persons on the outside.
The lobby at that day contained the representative men of the state-men of acknowledged prominence and respectability, many of them able lawyers, drawn thither in advocacy of some pet bill.
Schemes of vast internal improvements attracted a retinue of log-rollers, who in later days seem to have been an indispensable necessity in the movement of complicated legislative machinery.
Men of capital and brains were there.
He early realized the importance of knowing all these, trusting to the inspiration of some future hour to impress them with his skill as an organizer or his power as an orator.
Among the members of the outside or “third body” was Stephen A. Douglas
, whom Lincoln
then saw for the first time.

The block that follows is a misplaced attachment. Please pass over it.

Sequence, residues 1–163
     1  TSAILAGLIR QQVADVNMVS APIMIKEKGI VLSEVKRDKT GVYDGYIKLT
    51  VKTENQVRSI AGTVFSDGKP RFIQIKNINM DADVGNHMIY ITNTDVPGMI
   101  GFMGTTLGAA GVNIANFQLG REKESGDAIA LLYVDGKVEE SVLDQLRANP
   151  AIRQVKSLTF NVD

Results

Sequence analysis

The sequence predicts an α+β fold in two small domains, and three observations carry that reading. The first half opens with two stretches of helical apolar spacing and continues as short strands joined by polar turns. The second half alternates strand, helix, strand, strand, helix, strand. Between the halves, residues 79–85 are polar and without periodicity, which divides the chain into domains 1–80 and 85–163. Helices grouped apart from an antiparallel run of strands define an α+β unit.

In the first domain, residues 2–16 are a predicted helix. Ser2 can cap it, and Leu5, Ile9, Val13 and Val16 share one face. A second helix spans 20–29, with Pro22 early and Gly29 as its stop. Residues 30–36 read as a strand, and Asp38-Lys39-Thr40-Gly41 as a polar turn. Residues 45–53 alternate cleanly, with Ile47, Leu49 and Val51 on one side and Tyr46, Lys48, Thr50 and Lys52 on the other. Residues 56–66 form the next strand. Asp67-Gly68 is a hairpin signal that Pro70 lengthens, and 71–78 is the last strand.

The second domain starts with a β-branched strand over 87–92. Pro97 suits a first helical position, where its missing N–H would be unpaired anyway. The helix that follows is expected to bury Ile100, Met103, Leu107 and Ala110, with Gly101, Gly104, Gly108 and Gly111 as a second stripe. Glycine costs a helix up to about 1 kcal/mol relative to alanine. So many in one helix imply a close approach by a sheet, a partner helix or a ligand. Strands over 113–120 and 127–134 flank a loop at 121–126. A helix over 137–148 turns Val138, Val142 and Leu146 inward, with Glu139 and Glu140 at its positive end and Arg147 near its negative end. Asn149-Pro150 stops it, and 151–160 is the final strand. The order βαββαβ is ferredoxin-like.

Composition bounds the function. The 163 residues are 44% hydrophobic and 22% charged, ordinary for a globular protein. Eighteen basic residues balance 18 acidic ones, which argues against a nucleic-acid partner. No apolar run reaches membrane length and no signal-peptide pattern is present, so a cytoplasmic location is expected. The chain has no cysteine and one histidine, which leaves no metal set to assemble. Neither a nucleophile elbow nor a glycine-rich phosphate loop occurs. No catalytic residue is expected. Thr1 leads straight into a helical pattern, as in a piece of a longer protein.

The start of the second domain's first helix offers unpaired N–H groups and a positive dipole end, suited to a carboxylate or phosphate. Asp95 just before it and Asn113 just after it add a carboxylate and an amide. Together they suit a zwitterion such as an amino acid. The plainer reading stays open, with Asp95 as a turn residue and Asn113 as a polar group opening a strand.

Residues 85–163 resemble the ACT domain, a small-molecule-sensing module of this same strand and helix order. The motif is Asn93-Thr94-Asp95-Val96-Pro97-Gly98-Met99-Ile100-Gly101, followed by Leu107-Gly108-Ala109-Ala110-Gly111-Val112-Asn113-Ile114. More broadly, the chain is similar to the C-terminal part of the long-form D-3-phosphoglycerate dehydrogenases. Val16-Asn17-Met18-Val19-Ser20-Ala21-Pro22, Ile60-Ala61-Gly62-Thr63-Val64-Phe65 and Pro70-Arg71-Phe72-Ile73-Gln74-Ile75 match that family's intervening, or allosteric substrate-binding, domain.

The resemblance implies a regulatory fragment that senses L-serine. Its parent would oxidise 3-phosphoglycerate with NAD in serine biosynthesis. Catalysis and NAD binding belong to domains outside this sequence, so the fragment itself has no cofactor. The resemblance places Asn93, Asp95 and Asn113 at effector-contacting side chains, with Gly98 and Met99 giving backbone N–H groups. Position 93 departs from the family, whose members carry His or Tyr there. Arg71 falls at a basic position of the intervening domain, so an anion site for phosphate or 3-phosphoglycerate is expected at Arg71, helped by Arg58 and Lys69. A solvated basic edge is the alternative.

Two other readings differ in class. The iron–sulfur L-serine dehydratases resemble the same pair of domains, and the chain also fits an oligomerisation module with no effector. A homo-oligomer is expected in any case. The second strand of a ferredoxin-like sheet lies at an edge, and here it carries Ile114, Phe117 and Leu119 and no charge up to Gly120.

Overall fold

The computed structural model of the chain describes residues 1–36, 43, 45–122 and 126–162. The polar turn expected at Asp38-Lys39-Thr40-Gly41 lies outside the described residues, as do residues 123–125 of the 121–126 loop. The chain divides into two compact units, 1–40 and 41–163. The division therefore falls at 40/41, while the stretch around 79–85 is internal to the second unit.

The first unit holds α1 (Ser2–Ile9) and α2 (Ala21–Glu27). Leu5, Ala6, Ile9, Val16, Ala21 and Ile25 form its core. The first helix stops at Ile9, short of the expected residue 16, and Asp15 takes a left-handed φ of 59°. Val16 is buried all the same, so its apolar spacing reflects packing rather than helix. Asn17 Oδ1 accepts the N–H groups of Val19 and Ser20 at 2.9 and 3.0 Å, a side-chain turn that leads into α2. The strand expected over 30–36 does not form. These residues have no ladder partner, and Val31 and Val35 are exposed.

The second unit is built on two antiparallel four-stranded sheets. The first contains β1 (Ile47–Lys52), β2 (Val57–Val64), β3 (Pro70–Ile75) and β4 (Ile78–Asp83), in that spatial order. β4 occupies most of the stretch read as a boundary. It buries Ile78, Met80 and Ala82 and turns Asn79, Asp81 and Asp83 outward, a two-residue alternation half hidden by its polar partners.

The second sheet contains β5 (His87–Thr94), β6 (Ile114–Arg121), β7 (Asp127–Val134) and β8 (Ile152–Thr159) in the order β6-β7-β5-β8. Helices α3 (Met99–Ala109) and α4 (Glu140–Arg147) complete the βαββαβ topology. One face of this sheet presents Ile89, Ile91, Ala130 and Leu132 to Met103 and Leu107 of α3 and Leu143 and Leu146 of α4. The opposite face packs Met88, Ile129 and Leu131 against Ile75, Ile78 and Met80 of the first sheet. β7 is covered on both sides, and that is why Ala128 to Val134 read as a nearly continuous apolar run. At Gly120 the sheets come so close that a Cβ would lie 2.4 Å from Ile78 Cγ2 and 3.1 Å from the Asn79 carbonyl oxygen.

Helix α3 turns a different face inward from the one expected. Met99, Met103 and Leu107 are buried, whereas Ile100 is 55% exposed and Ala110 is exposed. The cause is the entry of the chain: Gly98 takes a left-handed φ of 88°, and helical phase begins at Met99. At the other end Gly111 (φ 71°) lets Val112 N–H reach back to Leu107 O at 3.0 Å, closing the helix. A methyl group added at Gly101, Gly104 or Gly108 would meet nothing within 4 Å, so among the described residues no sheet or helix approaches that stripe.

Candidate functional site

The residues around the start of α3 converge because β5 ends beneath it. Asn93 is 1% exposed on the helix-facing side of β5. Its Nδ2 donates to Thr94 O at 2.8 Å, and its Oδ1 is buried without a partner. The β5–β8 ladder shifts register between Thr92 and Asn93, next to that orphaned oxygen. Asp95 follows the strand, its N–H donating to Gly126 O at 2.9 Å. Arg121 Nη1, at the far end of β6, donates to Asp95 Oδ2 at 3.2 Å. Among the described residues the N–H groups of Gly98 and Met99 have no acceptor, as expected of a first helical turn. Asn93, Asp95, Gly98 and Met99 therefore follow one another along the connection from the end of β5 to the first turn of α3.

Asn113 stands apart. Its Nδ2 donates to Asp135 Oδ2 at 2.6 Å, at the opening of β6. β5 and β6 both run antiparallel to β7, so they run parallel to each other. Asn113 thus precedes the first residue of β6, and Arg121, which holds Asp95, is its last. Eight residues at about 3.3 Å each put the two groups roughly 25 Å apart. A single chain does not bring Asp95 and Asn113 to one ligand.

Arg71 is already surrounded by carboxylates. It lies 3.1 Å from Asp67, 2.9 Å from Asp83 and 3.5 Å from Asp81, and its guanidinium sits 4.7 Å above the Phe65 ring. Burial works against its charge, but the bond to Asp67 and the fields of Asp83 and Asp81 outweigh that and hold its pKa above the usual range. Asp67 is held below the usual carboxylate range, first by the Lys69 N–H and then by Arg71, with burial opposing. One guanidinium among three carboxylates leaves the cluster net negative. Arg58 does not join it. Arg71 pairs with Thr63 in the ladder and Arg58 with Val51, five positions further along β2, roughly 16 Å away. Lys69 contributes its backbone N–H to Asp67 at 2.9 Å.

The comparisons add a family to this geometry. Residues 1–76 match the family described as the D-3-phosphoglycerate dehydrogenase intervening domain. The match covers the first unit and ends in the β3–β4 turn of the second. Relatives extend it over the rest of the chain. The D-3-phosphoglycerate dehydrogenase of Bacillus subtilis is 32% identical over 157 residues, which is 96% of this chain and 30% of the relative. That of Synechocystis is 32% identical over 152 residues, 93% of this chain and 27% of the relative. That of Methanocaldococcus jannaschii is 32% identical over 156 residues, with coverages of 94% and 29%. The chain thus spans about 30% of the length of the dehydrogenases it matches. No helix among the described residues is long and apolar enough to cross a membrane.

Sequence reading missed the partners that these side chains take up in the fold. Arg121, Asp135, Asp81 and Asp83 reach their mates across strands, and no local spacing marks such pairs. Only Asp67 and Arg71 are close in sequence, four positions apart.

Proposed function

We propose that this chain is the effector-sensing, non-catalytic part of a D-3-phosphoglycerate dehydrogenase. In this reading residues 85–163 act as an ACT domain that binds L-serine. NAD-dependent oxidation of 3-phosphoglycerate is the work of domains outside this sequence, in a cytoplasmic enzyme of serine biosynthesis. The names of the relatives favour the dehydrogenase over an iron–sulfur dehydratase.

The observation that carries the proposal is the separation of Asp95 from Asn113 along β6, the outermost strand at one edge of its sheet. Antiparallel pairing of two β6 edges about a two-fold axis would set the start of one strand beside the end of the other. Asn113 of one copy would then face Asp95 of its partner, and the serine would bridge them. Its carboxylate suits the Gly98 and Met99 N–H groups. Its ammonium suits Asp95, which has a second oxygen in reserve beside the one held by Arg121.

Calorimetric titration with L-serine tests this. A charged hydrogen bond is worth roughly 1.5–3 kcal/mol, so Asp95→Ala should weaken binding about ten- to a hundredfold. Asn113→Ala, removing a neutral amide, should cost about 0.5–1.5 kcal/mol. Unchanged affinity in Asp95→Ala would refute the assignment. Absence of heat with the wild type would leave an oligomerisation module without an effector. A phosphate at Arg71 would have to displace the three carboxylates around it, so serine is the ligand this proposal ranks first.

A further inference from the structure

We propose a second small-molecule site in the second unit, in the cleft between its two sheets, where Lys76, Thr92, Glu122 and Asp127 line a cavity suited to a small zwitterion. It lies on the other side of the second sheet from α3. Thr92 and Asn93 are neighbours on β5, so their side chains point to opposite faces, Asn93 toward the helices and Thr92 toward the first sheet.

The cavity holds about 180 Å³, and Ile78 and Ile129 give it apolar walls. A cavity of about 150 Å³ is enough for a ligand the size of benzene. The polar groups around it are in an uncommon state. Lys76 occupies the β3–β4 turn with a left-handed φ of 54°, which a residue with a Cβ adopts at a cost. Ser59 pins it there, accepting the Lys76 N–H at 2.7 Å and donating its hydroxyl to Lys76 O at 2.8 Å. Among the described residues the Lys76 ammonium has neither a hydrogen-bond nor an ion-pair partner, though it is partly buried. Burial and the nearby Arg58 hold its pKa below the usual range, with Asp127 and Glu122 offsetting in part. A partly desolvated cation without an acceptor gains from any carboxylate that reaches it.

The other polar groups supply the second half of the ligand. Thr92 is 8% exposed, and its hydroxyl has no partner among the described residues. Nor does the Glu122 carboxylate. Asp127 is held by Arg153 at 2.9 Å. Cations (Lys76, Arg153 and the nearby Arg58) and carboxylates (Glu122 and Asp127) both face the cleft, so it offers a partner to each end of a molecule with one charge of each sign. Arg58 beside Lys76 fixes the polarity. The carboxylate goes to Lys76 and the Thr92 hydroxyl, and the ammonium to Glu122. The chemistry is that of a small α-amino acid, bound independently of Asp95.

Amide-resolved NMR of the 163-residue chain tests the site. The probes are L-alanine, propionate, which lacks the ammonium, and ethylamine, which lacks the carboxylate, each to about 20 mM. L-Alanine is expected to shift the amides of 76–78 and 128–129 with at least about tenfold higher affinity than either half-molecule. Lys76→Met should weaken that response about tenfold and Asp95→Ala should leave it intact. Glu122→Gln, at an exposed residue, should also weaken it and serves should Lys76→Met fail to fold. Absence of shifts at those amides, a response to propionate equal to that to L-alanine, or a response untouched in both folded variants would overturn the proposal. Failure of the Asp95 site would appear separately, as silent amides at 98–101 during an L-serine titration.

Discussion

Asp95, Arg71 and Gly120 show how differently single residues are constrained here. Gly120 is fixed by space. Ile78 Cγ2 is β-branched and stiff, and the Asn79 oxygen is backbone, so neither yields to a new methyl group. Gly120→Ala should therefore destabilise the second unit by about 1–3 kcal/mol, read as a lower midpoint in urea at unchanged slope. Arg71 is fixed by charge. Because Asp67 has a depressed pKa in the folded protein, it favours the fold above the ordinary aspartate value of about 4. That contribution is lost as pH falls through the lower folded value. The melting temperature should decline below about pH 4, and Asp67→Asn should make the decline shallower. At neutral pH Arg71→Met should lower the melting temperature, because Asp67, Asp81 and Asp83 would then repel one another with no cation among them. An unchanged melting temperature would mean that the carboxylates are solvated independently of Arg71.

had come from Vermont
only the year before, but was already undertaking to supplant John J. Hardin
in the office of States Attorney for the district in which both lived.
What impression he made on Lincoln
, what opinions each formed of the other, or what the extent of their acquaintance then was, we do not know.
It is said that Lincoln
afterwards in mentioning their first meeting observed of the newly-arrived Vermonter that he was the “least man he had ever seen.”
The Legislature proper contained the youth and blood and fire of the frontier.
Some of the men who participated in these early parliamentary battles were destined to carry the banners of great political parties, some to lead in war and some in the great council chamber of the nation.
Some were to fill the Governor
's office, others to